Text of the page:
Should the lowly Chromebook — once a laughing stock of the PC world — have Microsoft worried?
Google first announced its Chrome operating system back in mid-2009, before shipping the first Chromebook laptops with the software preinstalled two years later. At the time the idea of just a web browser for an OS seemed confusing to many, coupled with Google's promise to target netbooks without the necessary functions and features. Nevertheless, Google shipped a developer device in late 2010 and the initial Chromebooks from Acer and Samsung went on sale in June and July in 2011 at $349 and $299 respectively. They weren't huge sellers, but recent models could change that, and a new addition from Lenovo appears to strike at the core of Microsoft's Windows and Office empire even further.
Lenovo aside, other Chromebook manufacturers are starting to see success. Samsung introduced its Series 3 Chromebook in October alongside Acer's C7 version in November. Both are priced extremely aggressively at a time when Microsoft's OEMs are also releasing pricey touch-based Windows 8 machines. Samsung's Chromebook is available at $249, while Acer's can be found for just $199. The pricing seems to be working. A quick look at Amazon's best selling laptops in the US shows a Samsung Chromebook at number one, while the Acer takes spot number two in the UK with the Samsung in eighth place.
Aggressive pricing and marketing is a deadly combo
Aggressive pricing has also been combined with aggressive marketing from Google. "The new Chromebook, for everyone," is the latest blitz that's aired regularly in TV ad slots. The ads don't show exactly how the OS works, but they're targeted at the price conscious consumer with "the $249 laptop from Google" conclusion. Chromebooks could be considered by many as the latest netbooks, a low-cost laptop that soared in popularity between 2007 and 2010. The poor performance, tiny keyboards, and small low-resolution displays led to a frustrating experience for many, but if Google is successful in targeting consumers with cheap and speedy Chromebooks then this may undermine Microsoft's Windows offering. With web apps becoming a more legitimate option for many people than they were in 2009, a browser-based OS doesn't seem as crazy as it once did.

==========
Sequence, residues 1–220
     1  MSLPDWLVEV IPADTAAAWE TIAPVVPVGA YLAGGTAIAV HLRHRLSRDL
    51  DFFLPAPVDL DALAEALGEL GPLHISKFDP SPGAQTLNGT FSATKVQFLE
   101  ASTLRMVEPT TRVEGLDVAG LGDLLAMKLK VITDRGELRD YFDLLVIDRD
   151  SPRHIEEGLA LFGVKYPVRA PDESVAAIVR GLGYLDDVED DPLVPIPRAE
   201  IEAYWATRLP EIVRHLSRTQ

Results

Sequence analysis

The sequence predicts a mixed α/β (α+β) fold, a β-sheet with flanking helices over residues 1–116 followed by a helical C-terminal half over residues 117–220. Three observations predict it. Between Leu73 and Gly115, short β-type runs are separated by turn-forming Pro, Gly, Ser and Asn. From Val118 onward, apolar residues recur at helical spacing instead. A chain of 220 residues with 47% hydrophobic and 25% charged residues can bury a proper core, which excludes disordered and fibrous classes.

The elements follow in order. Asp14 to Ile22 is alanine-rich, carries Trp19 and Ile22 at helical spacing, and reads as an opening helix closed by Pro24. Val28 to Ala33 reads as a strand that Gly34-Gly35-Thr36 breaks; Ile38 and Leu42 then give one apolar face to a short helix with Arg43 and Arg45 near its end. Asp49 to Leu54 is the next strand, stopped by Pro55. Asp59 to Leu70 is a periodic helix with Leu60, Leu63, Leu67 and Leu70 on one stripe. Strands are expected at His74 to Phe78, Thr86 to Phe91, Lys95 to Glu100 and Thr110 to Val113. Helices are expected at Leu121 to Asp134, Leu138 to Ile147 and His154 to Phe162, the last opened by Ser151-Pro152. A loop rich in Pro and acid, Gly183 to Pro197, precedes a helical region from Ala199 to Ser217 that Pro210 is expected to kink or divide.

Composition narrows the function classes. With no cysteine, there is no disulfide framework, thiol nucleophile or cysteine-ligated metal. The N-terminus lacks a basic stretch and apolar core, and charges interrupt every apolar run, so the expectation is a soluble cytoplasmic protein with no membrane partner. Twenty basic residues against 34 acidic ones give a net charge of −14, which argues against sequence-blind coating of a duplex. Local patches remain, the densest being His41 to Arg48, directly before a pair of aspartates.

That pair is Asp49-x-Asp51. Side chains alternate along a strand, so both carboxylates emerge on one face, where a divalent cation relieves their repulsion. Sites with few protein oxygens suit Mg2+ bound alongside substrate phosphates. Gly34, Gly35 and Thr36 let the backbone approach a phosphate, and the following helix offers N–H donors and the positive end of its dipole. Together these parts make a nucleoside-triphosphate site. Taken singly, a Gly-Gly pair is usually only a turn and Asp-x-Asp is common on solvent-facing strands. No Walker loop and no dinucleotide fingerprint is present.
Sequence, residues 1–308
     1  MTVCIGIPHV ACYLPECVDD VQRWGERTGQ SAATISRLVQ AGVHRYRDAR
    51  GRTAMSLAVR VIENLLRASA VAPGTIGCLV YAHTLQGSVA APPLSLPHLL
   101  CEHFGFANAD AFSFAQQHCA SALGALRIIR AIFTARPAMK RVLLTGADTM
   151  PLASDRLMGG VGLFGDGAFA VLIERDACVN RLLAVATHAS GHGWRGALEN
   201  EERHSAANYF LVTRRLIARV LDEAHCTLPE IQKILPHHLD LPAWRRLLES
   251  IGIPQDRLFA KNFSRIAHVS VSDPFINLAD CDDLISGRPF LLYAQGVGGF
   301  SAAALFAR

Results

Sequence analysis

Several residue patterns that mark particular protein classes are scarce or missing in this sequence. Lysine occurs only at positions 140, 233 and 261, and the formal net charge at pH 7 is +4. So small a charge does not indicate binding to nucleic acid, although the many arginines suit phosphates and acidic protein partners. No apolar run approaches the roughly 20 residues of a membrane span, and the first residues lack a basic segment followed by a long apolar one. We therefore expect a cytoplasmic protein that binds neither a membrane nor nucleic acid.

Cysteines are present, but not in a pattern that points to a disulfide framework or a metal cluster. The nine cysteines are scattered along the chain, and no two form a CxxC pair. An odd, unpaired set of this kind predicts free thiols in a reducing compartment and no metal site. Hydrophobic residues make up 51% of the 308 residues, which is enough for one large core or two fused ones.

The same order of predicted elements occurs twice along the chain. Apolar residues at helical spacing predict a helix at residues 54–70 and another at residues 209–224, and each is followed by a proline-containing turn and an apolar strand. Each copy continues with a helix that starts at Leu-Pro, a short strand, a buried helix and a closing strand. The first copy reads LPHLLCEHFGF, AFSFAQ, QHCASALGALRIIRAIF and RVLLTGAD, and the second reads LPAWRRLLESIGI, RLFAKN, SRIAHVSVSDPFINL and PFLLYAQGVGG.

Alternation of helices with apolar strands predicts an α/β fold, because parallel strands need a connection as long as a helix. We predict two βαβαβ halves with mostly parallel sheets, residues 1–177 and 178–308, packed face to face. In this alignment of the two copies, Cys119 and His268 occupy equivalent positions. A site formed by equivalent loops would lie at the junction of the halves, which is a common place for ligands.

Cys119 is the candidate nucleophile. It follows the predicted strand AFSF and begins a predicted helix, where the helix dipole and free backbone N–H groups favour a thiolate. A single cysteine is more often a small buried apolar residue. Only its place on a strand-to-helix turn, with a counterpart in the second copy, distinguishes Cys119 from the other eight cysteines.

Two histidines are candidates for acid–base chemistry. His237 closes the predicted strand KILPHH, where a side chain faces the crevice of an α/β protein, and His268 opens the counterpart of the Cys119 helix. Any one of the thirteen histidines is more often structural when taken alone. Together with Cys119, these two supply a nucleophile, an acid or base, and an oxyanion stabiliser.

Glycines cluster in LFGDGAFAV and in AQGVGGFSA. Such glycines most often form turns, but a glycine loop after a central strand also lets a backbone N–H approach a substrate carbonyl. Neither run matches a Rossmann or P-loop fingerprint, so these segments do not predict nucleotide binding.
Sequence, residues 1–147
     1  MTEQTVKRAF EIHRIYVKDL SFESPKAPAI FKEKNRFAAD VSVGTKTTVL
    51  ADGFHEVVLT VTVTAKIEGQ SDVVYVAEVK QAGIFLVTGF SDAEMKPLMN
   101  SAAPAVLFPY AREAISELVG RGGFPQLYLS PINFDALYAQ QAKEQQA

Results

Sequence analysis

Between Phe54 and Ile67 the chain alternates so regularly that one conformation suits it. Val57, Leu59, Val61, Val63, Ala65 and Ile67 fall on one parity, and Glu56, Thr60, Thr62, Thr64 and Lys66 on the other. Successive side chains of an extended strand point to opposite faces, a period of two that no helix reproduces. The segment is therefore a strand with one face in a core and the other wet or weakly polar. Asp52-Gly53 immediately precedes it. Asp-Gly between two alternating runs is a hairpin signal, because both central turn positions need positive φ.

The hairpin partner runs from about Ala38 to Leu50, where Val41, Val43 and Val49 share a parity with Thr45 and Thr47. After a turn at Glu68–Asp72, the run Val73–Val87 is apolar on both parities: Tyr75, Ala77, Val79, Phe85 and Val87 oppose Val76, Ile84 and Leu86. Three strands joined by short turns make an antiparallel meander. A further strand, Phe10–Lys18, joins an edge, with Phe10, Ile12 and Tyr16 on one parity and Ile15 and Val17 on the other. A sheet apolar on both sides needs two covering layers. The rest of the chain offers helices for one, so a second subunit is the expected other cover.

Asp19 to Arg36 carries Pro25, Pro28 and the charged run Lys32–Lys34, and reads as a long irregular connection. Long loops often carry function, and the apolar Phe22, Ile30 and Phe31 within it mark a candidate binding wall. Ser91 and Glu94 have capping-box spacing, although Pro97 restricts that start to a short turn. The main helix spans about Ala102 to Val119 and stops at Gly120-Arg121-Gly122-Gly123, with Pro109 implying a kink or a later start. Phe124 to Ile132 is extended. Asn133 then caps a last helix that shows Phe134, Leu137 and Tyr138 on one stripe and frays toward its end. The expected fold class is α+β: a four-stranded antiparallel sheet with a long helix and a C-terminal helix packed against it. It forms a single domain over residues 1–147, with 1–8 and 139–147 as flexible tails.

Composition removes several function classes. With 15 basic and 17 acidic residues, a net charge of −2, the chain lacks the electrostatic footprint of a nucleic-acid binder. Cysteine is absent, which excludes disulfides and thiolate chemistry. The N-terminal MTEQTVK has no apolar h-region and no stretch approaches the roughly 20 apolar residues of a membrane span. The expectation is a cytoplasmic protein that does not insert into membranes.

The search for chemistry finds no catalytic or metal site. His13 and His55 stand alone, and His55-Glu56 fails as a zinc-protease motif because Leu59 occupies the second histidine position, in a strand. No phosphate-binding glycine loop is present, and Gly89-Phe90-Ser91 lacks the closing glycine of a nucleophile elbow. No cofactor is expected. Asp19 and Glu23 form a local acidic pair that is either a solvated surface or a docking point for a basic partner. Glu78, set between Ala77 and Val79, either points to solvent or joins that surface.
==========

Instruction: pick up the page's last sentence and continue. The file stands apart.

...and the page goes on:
Lenovo joins Google's battle against Windows and Office
Lenovo is the latest OEM to join the Chromebook family with its ThinkPad X131e. It's a rugged device designed exclusively for the education market, but Lenovo's decision is significant. A "get them while they're young" approach from Google is part of a bigger play by the company to target Microsoft Office with its Google Apps offering to ween the world off of its dependency on Office. Lenovo is one of the world's largest PC manufacturers, so any minor shift in direction must worry Redmond.
Microsoft's reaction to Chromebooks has been rather muted. Steve Ballmer famously laughed at the idea of Chrome OS, asking "who knows what this thing is?" when it was originally introduced. However, Ballmer has mocked Google before, claiming you need to be a computer scientist to use an Android phone. He also laughed at the idea of Apple's iPhone, citing the high cost of the phone and lack of physical keyboard. If HP, Dell, and others start to eye Chromebooks in 2013, like Lenovo has this week, then that may trigger alarm bells for Windows at a time when PC sales continue to decline.
Chromebooks are still a very niche offering, but Microsoft's Windows RT OS with reportedly high license and hardware costs isn't at a point where it can counter a bargain-priced Chromebook. The software giant may have showed off ARM-based notebooks back at Computex 2011, but the small number of Windows RT devices right now are touch-based tablets or convertibles. Still, if Microsoft is able to ship a low-cost Windows Blue update to its OEMs midway through 2013, then it could halt Chrome OS before it starts to gain popularity. Otherwise, Google may have the last laugh over the notebook market, just as Apple has with the iPhone and Google with Android.